Mystery Science Theater 3000's Mike Nelson looks at

Star Trek Generations

Kirk (William Shatner) passes the baton to Picard (Patrick Stewart) in the convoluted seventh installment of the “Star Trek” film series. This 1994 adventure brings the characters from Star Trek: The Next Generation to the fore as they contend with a physicist (Malcolm McDowell of the New Fantasy Island), whose plan for eternal bliss involves the destruction of the Enterprise and a planet with 230 million people. All will be lost unless Picard is successful in soliciting the help of a familiar figure lost in another dimension. The cast includes an unbilled Whoopi Goldberg, and James Doohan and Walter Koenig (in cameos)

Cast: Jacqueline Kim, Tim Russ, Glenn Morshower, James Doohan, Walter Koenig, Alan Ruck, Michael Dorn, Gates McFadden, Marina Sirtis, Jonathan Frakes, Brent Spiner, LeVar Burton, Patrick Stewart, William Shatner, Malcolm McDowell
Now here's Mike Nelson:

I made the mistake of viewing three Star Trek movies in a induced a kind of dopey sci-fi trance--not unlike the effect of eating a whole picnic ham and reading Heinlein. To be fair, none of the movies, Star Trek VI: The Undiscovered Country, Star Trek Generations, and Star Trek: First Contact, was that bad (okay, Generations was); perhaps I'm just not as delighted as others by countless references to the Argothiman Wars of Trimon 5 or the Wasnon Ale from the Caltritian Moons. And I admit I'm not scientifically adroit (my kindhearted physics teacher called me an "idiot"), but the technical references I find rather numbing.

"Captain, the Valdothian tumomulators are reacting negatively to the pistoffrian faldovs," says Worf, to which Picard might say, "Then notify the Redallions that we'll be needing Tarcuthian crystals for our bluthons, and pay them with Asprithian Tufars! Make it so!" And then he tugs down his polyester top and Worf makes it so and apparently I'm the only one who's not happy.

I'm also hopelessly confused by the other races--if I've got this right, there are Vulcans, Klingons, Romulans, and Remus. All currently have unsightly bumps on their skulls, yet in the original TV-series they simply sported Rollie Fingers-like mustaches, correct? Some are good, and some are evil, yet all hate Kirk with a flaming passion that burns with the heat of a thousand suns. After seeing his death scene in Generations, I confess I share their passion.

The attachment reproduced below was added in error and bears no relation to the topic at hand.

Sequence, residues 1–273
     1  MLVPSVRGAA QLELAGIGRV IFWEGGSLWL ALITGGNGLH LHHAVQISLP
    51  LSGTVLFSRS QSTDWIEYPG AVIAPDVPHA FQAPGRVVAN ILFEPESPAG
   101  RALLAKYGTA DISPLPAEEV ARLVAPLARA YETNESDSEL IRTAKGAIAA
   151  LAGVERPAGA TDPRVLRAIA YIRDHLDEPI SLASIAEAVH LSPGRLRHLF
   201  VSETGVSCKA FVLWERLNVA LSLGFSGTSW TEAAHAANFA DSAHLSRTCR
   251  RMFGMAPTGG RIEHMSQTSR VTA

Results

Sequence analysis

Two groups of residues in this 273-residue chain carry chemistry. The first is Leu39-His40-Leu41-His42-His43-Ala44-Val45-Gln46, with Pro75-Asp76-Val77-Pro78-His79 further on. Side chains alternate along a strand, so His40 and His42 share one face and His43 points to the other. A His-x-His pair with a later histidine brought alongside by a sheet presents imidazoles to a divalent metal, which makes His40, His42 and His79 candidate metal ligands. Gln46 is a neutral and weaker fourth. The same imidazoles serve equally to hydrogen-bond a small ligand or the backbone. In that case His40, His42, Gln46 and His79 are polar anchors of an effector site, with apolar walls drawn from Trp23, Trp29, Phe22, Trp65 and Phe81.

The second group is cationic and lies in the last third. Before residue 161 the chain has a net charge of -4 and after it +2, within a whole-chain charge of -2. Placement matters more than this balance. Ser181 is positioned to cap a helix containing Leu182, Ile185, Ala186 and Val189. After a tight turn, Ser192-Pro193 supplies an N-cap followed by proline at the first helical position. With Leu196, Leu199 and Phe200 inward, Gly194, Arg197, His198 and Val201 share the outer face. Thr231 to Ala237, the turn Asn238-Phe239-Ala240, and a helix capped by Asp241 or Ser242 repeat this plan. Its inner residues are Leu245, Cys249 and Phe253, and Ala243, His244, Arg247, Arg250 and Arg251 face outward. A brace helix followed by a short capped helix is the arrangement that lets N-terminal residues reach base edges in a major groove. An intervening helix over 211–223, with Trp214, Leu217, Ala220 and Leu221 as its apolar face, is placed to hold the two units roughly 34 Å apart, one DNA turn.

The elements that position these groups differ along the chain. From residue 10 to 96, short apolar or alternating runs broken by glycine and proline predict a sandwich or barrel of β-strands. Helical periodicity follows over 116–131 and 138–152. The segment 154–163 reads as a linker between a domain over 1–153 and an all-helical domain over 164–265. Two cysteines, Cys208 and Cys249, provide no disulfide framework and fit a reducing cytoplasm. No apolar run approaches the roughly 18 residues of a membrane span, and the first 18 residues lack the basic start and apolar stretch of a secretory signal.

On the subject of Generations, I need some help with the Nexus, too. From what I can gather, it's a large, static-electricity dryer spark that sucks you up into it and makes you live eternally in the dullest part of your life. For me that would mean seeing Generations over and over again. Then perhaps someday I'll understand why Soran (Malcolm McDowell) dresses up like Sting and stands on top of a mountain waiting to get hit by the giant dryer spark. He could save time by simply drying a load of sweatshirts.

Star Trek is, after all. a pretty good space opera, but the idea that Roddenberry was a genius is on shaky ground, and when you throw in Wil Wheaton and Guinan (Whoopie Goldberg) and all the aliens with the latex appliques glued to their heads, it all starts to seem uncomfortably similar to the things your first-year dorm-mate used to dream up when he was baked.
Come to think of it, I'm going to bake right now and try to make sense of the Nexus.

[Note: the above brief quote is from "Megacheese" which can be ordered from on the Mystery Science Theater 3000 page]. It is dedicated: "For the very real suffering they have the countless millions of courageous victims who have witnessed the feature film version of Lost In Space. You will heal."
© 2000 by Michael J. Nelson. All rights reserved. No part may be used or reproduced in any manner except in the case of brief quotations embodied in critical articles and reviews. The "J" stands for "Jenius"

117 min., Rating: PG for Strong Language, Violence 
Category: Movie, Action & Adventure 
Director: David Carson
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"Star Trek Generations" is available on video and on DVD

As is the entire Star Trek Collection

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